Old Fashioned, Homemade Eggnog
Nostalgia aside, old-fashioned eggnog is full of rich flavors. Whether you opt for grandma's best, spiced, or cinnamon variations, these easy recipes deliver the old-fashioned eggnog you love.See Popular Old Fashioned, Homemade Eggnog Recipes
This spirited eggnog drink is flavored with creme de menthe. Try other flavored liqueurs such as almond or raspberry to create new taste sensations.
Eggnog made with egg yolks and whipping cream is a must-have holiday indulgence for many. For a nonalcoholic version, omit the rum and bourbon and increase the milk to 2-1/4 to 2-1/2 cups.
If you like, garnish each serving of this Christmas holiday drink with a few strips of orange peel.
Serving this homemade eggnog hot makes it a welcome drink on cold winter nights.
This Recipe is appropriate for ALL 4 Phases of the Atkins Diet. Join Atkins today to sign up for your Free Quick-Start Kit including 3 Atkins Bars and gain access to Free Tools and Community, as well as over 1,500 other Free Atkins-friendly Recipes.
The cooked custard base assures eggs are safe while making a divinely thick and decadent holiday drink.
Had lots of eggnog so far this season? If not, what are you waiting for? Whether you whip up your own recipe at home or make a Christmas Eve run to the nearest grocery store, the holidays just aren't the holidays without a little nog.
Eggnog is a little like fruitcake: Everybody has it on hand but does anybody really want to partake of either of these two laugh-line Christmas classics? There's just something so ... so ...
Call us old-fashioned, but as the weather turns cooler, we crave homemade bread, fresh out of the oven. Of course, we're still modern enough to want to avoid the hassle of rising and kneading, so a dense, rich (but easy to make) zucchini bread is the perfect solution. Like other quick breads, zucchini bread has a few basic components -- zucchini (of course!)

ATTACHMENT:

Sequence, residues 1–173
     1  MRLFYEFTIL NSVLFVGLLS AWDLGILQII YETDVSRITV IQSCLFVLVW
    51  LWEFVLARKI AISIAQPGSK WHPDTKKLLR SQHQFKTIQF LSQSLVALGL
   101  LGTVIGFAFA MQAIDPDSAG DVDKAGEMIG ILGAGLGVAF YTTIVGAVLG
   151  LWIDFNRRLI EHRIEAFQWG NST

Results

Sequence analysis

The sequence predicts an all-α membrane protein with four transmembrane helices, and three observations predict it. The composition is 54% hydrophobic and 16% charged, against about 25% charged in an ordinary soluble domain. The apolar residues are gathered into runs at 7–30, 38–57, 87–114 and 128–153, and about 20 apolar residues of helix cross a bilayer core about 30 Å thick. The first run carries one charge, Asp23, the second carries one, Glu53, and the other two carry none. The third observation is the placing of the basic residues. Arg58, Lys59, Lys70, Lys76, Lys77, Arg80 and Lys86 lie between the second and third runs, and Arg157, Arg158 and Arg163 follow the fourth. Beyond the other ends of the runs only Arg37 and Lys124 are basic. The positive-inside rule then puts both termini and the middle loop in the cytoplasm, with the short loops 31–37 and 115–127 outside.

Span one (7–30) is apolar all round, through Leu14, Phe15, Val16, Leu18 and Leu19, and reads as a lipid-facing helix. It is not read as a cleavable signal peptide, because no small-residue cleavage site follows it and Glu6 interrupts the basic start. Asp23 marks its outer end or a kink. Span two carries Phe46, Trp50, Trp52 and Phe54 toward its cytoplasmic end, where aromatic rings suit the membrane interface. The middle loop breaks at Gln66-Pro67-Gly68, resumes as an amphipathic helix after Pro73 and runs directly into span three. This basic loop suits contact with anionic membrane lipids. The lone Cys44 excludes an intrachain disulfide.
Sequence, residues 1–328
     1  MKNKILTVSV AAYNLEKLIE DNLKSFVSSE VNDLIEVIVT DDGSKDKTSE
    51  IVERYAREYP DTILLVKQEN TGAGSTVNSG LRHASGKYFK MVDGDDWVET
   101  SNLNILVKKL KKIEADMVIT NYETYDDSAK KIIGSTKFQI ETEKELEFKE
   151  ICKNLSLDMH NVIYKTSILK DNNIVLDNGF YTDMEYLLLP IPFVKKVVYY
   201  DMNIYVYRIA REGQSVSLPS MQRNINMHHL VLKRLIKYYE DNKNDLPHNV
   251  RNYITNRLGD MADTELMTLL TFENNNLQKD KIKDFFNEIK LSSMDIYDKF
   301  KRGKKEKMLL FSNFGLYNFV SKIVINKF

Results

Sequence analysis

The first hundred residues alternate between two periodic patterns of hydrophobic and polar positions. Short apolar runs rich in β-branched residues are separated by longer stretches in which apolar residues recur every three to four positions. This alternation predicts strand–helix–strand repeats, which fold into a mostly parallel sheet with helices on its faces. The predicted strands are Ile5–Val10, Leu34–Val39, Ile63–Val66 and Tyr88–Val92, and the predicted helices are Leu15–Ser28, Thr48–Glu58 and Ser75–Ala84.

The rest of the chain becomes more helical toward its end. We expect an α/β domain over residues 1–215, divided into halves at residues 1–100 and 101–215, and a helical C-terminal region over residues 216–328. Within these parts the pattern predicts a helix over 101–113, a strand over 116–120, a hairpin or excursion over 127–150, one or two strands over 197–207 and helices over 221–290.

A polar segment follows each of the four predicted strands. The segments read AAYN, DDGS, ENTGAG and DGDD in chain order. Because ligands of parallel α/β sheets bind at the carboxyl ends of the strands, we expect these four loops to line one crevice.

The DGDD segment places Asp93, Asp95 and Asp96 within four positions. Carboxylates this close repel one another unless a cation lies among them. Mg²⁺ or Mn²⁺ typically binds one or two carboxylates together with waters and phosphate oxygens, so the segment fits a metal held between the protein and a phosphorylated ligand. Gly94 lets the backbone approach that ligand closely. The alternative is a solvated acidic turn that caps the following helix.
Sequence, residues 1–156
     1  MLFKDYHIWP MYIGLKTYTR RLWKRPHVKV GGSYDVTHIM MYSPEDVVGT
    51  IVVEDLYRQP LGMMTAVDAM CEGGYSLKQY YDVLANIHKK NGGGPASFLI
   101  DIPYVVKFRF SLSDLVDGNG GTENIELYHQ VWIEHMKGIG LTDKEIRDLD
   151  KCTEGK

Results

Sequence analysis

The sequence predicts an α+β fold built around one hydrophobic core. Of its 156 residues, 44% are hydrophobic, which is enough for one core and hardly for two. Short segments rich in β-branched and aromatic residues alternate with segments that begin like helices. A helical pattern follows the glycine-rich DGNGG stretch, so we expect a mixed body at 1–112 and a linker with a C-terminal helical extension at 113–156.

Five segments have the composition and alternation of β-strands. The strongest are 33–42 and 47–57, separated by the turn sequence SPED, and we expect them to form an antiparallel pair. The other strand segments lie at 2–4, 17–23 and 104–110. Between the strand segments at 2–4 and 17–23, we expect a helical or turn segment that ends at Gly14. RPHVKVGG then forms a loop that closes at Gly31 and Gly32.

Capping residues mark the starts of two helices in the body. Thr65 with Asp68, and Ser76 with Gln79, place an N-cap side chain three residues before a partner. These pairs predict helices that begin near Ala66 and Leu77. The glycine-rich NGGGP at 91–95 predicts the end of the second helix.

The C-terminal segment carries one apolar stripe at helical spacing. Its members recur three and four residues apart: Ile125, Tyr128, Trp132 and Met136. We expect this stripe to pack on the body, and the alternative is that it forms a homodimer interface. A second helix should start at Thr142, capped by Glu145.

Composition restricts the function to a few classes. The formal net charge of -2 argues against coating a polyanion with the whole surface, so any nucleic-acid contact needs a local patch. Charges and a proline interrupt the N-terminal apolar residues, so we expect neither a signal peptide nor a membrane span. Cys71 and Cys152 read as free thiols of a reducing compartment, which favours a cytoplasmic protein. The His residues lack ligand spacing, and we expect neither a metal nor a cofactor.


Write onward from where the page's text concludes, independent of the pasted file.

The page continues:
Once you see how easy it is to make your own homemade ice cream you won't be buying store-bought ice cream any time soon.
You scream, I scream -- wait a sec ... why is everyone screaming? That's not going to get us any closer to a cold creamy bowl of homemade ice cream.
When temperatures climb and the daylight hours stretch long into the evening, you can bet the "lazy, hazy, crazy days of summer" are here. And what better way to mark the most relaxing part of the year than to break out the ice cream maker and learn how to make homemade ice cream? Different than store bought varieties, homemade ice cream tends to have a softer consistency. It's also cheaper per serving, allows you the opportunity to use purer ingredients (and leave out preservatives or other additives) and offers great potential for experimenting with flavors and add-ins.
The holidays are a golden ticket to indulge a little, so don't waste your Christmas dessert hour on ho-hum sweets. We like Christmas cookies as much as the next person, but who wouldn't bypass a sugar cookie for a plate of rich, gooey Black Forest trifle? With all of the dazzle and sparkle of the season, you have to make a little magic in the kitchen to get noticed.
Let's talk about Jell-O, shall we? Technically, we're talking about gelatin, because Jell-O is a brand name. And it's taken a bit of a hit in recent years, with mostly kitsch appeal among the hipster foodie crowd (while remaining a popular delivery system for grain-alcohol shots among frat boys and their pals, which does not help matters).
This holiday season use this perfectly spiced old fashioned applie pie recipe. This all American dish will be the perfect end to any family gathering.
Candied apples aren't old fashioned, they're in fashion! Indeed, candied apples are making a comeback for grown-ups and kids alike, and they can be as traditional, sophisticated or wild as the occasion merits. For a kids' Halloween party, maybe you want to try the "shrunken heads" or the double-dip chocolate-and-caramel coating; for a dinner party (or an office Halloween party), go with the dark chocolate, the toffee, or the cinnamon candy coating (you can serve them on the stick, or cut them into wedges so guests can try different kinds).
Yeah, we keep hearing how popular frozen ice pops are this summer. And you'd pretty much have to be crazy to turn down a Dairy Queen Blizzard, an orange creamsicle, or a good old-fashioned ice cream sandwich when the temps start soaring. But a root beer float that's been spiked with alcohol?